- very, very happy, and is going to be living just fine.
- So, really if you want all of the cells in your body to be living just fine
- like this cell here, you really want good flow throughout the
- body. And so this is really point number one. Is that you really
- need, somehow, to have blood flow moving and pushing
- blood constantly throught the body. So,
- to do this for billions and billions of cells you would need a pretty powerful
- pump, right? Something that's going to be able to pull
- in all the blood from the body, and then push it back out. And that's what the heart
- is. I mean at its core, that's exactly what the heart is doing.
- It's an amazing pump, pushing blood, so that
- you have good blood flow. And so I'm
- going to write that on the side as kind of job number one. These are the jobs of the heart.
- So jobs, and number one, would be
- blood flow. And I'll write systemic
- flow. Systemic flow. And all
- that systemic means is that I'm refering to the entire body. So systemic
- when I say that word, I just mean the entire body. All the cells
- in the body. Now, exactly how that happens actually
- you can see on this picture. So, here you have a giant
- vein, this is a vein, and you have an artery.
- This is an artery.
- And blood is actually going through the artery, that way.
- And it's actually coming into two veins, the one
- at the top, this is called the superior, superior just kind of means
- at the top. Superior vena cava. That's the
- name of the vein. And at the bottom here, you can't see it because
- it's on the other side of the heart, but there's another vein called the inferior vena cava.
- And these two veins, this is also a vein,
- these two veins are actually dragging blood in from all over the body,
- into the heart.
- And then, when the heart is ready to pump it back out, it goes into this
- artery, and the name of it is the aorta.
- So if you've heard of the aorta, this is the artery that people
- are talking about. So this is how blood comes and gets pumped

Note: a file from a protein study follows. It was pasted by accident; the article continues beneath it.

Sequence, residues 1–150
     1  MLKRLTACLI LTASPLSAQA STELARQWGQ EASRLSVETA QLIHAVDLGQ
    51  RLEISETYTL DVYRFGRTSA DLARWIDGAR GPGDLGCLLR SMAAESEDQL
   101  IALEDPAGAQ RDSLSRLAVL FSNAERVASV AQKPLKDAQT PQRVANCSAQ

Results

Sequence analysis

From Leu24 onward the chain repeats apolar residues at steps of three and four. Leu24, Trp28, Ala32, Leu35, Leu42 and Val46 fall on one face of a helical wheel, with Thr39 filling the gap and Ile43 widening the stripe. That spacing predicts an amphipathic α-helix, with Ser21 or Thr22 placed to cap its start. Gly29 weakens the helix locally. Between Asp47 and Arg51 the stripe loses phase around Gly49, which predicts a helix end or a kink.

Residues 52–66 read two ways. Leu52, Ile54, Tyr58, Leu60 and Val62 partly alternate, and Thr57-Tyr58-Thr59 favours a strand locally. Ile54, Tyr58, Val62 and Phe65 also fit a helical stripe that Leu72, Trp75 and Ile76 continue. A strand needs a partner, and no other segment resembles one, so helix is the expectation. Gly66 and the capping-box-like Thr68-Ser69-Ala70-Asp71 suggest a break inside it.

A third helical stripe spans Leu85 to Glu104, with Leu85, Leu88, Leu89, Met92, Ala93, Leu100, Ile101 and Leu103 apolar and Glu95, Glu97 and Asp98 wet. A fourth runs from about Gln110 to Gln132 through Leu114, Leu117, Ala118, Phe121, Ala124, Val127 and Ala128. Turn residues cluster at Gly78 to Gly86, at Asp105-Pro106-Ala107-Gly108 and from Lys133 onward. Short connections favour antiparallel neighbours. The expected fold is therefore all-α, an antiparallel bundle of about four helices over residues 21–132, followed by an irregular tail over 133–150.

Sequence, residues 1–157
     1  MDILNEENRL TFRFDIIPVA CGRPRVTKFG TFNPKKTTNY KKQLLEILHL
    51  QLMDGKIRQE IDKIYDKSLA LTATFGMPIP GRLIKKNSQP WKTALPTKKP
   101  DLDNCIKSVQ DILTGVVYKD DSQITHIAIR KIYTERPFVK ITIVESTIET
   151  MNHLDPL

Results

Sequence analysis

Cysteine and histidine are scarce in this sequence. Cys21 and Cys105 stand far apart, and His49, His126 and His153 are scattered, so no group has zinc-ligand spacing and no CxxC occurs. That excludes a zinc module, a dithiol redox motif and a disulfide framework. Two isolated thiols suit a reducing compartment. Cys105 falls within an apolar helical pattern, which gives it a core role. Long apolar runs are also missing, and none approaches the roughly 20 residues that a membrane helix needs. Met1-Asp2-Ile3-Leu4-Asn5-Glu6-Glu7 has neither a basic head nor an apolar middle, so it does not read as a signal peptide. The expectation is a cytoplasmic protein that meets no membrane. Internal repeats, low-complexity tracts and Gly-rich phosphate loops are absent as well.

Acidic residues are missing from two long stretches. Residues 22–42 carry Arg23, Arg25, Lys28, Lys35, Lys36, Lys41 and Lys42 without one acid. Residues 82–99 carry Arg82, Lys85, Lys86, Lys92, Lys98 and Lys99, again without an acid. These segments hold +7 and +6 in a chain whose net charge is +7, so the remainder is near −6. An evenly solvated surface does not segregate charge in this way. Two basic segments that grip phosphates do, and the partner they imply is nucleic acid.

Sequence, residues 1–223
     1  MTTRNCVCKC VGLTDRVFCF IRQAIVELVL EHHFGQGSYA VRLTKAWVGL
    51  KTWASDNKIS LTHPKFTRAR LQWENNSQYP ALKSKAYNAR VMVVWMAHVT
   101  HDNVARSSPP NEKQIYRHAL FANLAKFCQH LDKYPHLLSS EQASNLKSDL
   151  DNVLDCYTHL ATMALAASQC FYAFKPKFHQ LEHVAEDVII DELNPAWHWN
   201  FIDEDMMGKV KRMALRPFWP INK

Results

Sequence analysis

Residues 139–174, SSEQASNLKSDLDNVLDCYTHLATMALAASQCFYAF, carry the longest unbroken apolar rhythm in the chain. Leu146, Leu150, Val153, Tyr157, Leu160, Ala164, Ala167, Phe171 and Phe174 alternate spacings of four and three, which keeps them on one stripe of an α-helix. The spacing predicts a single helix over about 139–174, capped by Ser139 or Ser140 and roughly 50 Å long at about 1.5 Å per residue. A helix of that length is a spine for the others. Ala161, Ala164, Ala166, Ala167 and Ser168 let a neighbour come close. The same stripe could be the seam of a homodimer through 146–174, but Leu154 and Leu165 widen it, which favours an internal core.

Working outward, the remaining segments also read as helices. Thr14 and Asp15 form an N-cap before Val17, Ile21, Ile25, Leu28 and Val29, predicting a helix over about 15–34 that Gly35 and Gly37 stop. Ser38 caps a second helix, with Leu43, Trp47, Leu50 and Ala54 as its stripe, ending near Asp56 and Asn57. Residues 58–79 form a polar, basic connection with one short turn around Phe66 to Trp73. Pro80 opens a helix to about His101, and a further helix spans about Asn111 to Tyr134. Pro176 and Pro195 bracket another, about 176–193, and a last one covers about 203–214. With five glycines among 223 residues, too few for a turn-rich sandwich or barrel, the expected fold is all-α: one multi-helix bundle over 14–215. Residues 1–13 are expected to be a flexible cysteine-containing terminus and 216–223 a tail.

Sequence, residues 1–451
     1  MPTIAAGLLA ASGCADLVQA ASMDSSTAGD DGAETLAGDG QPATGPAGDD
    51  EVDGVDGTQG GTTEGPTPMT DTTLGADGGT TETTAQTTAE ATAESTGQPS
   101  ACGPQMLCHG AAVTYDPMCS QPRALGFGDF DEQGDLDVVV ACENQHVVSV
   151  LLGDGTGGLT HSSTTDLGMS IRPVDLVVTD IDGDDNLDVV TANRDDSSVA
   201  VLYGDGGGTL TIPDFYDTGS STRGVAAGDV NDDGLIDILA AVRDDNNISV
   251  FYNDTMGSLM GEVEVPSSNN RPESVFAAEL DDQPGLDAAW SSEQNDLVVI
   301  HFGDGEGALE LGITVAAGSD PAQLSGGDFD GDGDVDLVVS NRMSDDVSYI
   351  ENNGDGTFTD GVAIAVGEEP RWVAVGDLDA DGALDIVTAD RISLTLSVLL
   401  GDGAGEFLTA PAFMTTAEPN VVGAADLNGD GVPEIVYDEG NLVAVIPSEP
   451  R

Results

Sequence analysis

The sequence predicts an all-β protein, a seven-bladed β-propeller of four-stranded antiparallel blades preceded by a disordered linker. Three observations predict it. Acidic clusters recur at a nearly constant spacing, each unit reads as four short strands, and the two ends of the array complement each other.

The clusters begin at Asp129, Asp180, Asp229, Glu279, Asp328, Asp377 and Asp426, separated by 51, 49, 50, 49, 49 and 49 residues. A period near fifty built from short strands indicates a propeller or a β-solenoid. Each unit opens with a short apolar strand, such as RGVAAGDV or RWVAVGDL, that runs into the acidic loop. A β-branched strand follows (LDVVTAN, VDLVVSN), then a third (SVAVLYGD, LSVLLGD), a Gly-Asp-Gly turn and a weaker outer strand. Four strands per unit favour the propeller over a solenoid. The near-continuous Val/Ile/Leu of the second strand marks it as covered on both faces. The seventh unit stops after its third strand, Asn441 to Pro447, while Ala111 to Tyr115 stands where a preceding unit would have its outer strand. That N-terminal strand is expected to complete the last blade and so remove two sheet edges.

- around. But this isn't actually the only job of the heart. The job,
- the second job of the heart, is actually
- also in this picture, and it's called pulmonary flow.
- Pulmonary flow. So, what does that
- mean? Well, we know that cells are expecting
- oxygen, right? We know this. And that they have a lot of carbon dioxide
- waste. Well, it's good to move things around. It's good
- to move blood around. But if you actually never got rid of that carbon dioxide
- or brought in new oxygen, then a cell is not going to be very happy either.
- I mean, you can have blood flow, but at some point it's also going to want some oxygen.
- And it's going to want to get rid of that carbon dioxide. So, that's where the
- lungs come in. So what happens is that the heart, before
- sending blood out the aorta, before just dishing it out back into the body,
- it actually sends the blood over to the
- lungs. And it goes over to the left lung, and over to the right lung.
- And the blood comes back from the right lung
- and the left lung, and gets pushed back into
- the heart, and then gets squeezed through the aorta. So there's this
- actual extra little step here, where blood is going to
- and from the lungs, and that's the pulmonary flow.
- So the final thing you'll notice, if you look at this picture it's hard not to notice,
- is that there are these, kind of wriggly looking little
- blood vessels all over the heart. And what are these
- exactly? I mean, you've got red ones, and blue ones, and
- the blue ones are the veins, and the red ones are the arteries
- but are they part of the systemic flow, or pulmonary flow, or something else?
- Well, these vessels, all of them,
- together are called coronary vessels.
- And so specifically you might hear about
- a coronary artery, or a coronary vein, but together you can call them
- coronary blood vessels. I'll add the word blood here. So these
- coronary blood vessels are actually serving the heart muscle
- itself. I mean remember, the heart
- is made up of thousands and thousands, actually tens of thousands of cells
- and those cells, just like our toe cell that we drew,
- they also need oxygen, nutrients, and have waste.
- So, those cells are going to need blood vessels supplying
- them as well. So, that's what the coronary blood vessels are. They're literally
- the blood vessels that go to and serve
- the heart. So these are the ones that serve the heart.
- Now, if they're serving the heart muscles
- and the heart cells, then, think about it, would they fit under
- the systemic flow, or pulmonary flow? Well if the
- main job is to serve the needs of cells, then
- the coronary vessels fall under the systmic flow.